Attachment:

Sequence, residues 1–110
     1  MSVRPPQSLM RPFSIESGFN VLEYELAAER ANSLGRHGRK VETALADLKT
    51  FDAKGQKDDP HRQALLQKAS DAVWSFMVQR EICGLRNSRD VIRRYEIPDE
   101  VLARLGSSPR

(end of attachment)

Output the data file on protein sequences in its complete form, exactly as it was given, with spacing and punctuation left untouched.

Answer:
Sequence, residues 1–110
     1  MSVRPPQSLM RPFSIESGFN VLEYELAAER ANSLGRHGRK VETALADLKT
    51  FDAKGQKDDP HRQALLQKAS DAVWSFMVQR EICGLRNSRD VIRRYEIPDE
   101  VLARLGSSPR